Central Portugal is a region of Portugal ranging from the Atlantic coast to the mountainous interior.
The Beirões have endemic age old traits. The ancient Celtic-Iberian people gradually come down from the safety of their highlands and mixed with Mediterranean newcomers arriving on the lower coastal regions and upriver from estuaries. The later Lusitanian tribes are known over time, perhaps for reasons of self preservation, for having retreated to the high ground and also preferred forest cover to open spaces. The Punic Wars/Roman period decimated much of those people and their culture, however, despite the migrations and mixing of different ethnicities, pockets of relatively unmixed groups survived within areas of difficult access. With invasions happening from time to time, the pattern of survival kept repeating itself, enabling the accomulated experience and traits to be passed along with every new generation. Until recently, traits manifested themselves by a mix of wisdom earned through hardship and the degree of stubborness typical of mountain people with the optimism inherent by the common need to cooperate in order to survive. Nowadays, new roads, bridges and the forces of globalisation have diluted such endemic characteristics somewhat, however "a leopard can't change its spots".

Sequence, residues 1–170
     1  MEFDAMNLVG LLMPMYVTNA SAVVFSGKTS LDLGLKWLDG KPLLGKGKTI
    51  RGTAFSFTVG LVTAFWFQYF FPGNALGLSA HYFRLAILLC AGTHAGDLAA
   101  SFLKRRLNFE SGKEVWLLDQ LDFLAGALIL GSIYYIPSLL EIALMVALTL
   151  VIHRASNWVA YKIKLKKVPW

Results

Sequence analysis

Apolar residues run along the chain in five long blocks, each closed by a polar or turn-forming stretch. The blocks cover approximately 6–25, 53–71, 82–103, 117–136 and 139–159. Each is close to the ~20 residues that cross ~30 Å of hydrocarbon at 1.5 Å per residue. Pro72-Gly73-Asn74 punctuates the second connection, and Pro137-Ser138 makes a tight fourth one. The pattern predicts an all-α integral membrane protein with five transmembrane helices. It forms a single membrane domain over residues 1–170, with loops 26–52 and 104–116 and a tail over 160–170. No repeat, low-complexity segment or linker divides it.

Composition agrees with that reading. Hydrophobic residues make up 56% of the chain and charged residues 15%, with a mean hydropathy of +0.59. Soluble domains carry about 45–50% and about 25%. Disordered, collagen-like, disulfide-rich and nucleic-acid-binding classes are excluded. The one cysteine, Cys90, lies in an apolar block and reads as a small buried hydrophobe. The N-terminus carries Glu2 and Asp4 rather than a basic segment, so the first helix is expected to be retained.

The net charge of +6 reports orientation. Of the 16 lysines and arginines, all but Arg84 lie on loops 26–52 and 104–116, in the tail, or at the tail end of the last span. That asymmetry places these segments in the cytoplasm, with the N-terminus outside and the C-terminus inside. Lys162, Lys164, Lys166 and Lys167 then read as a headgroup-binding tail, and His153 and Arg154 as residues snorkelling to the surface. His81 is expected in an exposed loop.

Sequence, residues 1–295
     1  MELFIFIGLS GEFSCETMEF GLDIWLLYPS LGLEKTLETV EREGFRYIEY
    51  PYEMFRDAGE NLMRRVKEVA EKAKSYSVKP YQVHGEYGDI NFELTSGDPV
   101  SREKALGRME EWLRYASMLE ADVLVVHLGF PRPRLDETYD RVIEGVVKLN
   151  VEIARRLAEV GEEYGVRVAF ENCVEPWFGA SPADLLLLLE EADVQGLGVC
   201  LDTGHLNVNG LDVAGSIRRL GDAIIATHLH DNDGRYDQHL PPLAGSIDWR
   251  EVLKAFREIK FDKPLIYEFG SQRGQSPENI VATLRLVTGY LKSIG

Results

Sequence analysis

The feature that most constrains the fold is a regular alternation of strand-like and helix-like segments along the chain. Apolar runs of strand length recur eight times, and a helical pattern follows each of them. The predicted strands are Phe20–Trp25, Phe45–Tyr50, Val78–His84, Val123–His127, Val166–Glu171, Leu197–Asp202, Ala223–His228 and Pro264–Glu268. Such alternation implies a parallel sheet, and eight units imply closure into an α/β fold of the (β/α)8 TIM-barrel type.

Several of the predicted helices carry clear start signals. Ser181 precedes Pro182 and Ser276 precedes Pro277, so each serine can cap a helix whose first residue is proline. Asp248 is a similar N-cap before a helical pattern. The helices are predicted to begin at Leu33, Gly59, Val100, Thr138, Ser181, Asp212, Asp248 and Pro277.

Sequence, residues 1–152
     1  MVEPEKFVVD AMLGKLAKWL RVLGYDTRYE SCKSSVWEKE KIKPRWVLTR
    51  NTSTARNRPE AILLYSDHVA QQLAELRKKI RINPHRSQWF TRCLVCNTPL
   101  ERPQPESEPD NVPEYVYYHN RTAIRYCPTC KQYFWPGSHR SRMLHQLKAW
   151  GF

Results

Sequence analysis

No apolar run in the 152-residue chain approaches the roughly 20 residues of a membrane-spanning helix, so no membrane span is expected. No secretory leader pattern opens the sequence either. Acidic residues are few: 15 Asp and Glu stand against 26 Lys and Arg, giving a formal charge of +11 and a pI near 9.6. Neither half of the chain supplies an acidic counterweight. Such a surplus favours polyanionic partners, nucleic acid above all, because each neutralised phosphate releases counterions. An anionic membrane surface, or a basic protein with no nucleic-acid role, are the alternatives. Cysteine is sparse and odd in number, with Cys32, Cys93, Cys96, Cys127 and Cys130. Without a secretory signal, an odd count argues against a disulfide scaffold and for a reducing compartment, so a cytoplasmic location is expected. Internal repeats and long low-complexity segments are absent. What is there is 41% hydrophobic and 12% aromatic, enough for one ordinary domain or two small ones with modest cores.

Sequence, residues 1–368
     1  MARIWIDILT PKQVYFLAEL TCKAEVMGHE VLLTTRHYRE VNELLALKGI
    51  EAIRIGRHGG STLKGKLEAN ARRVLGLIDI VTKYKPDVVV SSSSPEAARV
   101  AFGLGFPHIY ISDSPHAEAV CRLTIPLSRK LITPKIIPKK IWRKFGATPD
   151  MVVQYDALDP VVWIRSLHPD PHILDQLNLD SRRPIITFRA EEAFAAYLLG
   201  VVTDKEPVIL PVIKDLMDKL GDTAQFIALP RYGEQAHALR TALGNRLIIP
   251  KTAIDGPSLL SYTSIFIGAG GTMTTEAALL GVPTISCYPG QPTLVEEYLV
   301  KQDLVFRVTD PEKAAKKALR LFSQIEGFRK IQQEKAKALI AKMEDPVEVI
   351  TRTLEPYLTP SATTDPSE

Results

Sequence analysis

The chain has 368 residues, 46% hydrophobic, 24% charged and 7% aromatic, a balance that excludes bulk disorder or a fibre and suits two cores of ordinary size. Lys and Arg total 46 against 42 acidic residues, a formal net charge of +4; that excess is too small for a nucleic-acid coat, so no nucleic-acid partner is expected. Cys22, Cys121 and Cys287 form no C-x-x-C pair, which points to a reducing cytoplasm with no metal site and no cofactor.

Central Portugal lies between the country's two most important urban areas, centred between Lisbon, Porto and Vilar Formoso/Ciudad Rodrigo border crossing with Spain, thus benefiting from the railway and road connections between them. In particular the regular "Comboios de Portugal" long-distance trains, Alfa Pendular and Intercidades making scheduled daily stops at Coimbra and Aveiro railway stations, from there one can link up by bus or rental car to other destinations in the Centro.
This strategic position, coupled with a relatively low population density (approx. 3 million), did not warrant the Centro region to have its own airport. Both Lisbon and Porto international airports provide excellent connections with bus and train links radiating from there. Aerodromes near Coimbra and Aveiro exist to service private pilots and small aircraft.
Geographically the "Zona Centro" is not a very large area, never the less, it's topography is made up of a variety of terrain types, ranging from mountains to coastal beaches. The main road network is comprehensive in both quality and quantity. The secondary roads vary from excellent to average and continuously meander through every little hamlet, field and vilage forever, it seems much larger than the actual size.
The railways connect Aveiro and Coimbra to Spain via Vilar Formoso but road travel remains the best option to move around and visit interesting places.
Motorbiking or cycling about are a good way of visiting out of the beaten track places.
Visit the mountains of Estrela, Marofa, Gardunha, Lousa, Caramulo, and Bussaco.